Second Life, for those of you who don't know (three months ago I'd never heard of it myself) is a virtual world, where you create and control every aspect of your "avatar," which is a character that represents you, rents or owns property, creates friendships and castles and, in theory, makes your dreams come true--virtually. In real-life you might be in a wheelchair, but in Second Life you can become a tennis star. There's a path from point A to point B and so on, just as in real life. You can't just wish for something to happen--you have to invent or discover a way to make it so.
Most curious explorers, having read about Second Life in a magazine or on the internet, visit once or twice but their virtual lives never take root in this strange new land of simulated Amsterdam and sex clubs. So what? It doesn't matter what most people aren't doing. Those pioneers who are pushing Second Life to the next level are operating in strange and fascinating ways, and their work is worthy of thoughtful investigation.
Reuters was quick to grasp the complexity of this new frontier, and Adam Pasick (the journalist behind the avatar Adam Reuters) was named Reuters' SL Bureau Chief. He rapidly saw the appeal of the assignment, he told me while visiting my virtual home this week. He said he has "never looked back."
During the World Economic Forum, Adam Reuters will be conducting interviews in Second Life with world leaders and other notable figures, including Arianna Huffington, whose avatar, Arianna Hera, visited my virtual home the very day she was born into Second Life to discuss the world of possibilities presented by this intriguing new three-dimensional medium.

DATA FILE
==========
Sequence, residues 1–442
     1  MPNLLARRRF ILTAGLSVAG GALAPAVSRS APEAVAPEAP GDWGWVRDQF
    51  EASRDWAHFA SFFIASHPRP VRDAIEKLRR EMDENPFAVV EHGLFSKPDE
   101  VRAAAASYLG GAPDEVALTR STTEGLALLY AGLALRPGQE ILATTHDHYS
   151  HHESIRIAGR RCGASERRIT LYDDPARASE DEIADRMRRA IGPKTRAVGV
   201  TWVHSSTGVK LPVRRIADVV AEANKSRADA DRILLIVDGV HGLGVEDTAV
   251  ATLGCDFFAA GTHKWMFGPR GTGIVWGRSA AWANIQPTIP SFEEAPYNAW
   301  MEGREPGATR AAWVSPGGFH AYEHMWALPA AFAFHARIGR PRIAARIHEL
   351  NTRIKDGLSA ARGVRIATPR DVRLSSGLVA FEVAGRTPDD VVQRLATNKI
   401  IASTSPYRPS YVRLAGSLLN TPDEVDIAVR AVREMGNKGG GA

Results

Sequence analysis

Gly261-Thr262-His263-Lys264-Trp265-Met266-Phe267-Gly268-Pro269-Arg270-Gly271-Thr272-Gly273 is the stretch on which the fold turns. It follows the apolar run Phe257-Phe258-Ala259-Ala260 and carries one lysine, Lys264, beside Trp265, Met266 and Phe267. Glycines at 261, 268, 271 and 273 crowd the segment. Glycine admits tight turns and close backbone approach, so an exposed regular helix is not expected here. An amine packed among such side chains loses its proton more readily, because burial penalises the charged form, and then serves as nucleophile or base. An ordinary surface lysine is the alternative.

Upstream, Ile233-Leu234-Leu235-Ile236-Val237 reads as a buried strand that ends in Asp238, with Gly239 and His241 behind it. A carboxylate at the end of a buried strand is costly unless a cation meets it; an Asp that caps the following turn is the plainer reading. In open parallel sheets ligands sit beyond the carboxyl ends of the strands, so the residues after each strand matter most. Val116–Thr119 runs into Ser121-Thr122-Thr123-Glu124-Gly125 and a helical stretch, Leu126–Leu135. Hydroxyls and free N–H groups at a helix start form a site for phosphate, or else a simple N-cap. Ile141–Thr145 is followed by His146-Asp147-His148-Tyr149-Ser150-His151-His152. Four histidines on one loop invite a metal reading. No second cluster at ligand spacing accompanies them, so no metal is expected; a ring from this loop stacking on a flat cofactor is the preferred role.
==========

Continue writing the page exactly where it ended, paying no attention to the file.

Of course, the worst characteristics and darkest undercurrents of human nature abound in Second Life--but the potential for significant advancement should not be discounted simply because some aspects of virtual reality are difficult to reconcile with real worldviews. The sexual element, naturally, tends to steal the limelight at unexpected times, such as when Anshe Chung's story took its controversial turn.
I spoke with several journalists, including Stephen Hutcheon of Australia's Sydney Morning Herald, who recently squared off with Anshe Chung and her husband, both of whom are furious because they don't believe that journalists and columnists should discuss her past as an escort (or touch an incident during which "griefers" successfully stopped a CNET interview by means of a replicating phallus).
Hutcheon pointed out that Anshe Chung's history is well known in Second Life, which presents, for her, the kind of problems young job seekers might face when prospective employers find their former MySpace posts about drunken sprees--complete with photographic evidence.
Role-playing is a major part of Second Life, especially for those who aren't tied to their real-world identities and have the opportunity to create a persona--a luxury enjoyed by Anshe Chung before she was famous. The habit is widespread. I've interviewed corporate executives who are slaves not only to progress, but eventually to virtual masters as well. Several have claimed that it's almost necessary to start off in Second Life learning how to dance on poles and laps in order to move like an actual human and not an animated robot. Great escorts are adept at seamless role-playing, which requires the special skills that form a foundation for the evolving creative process.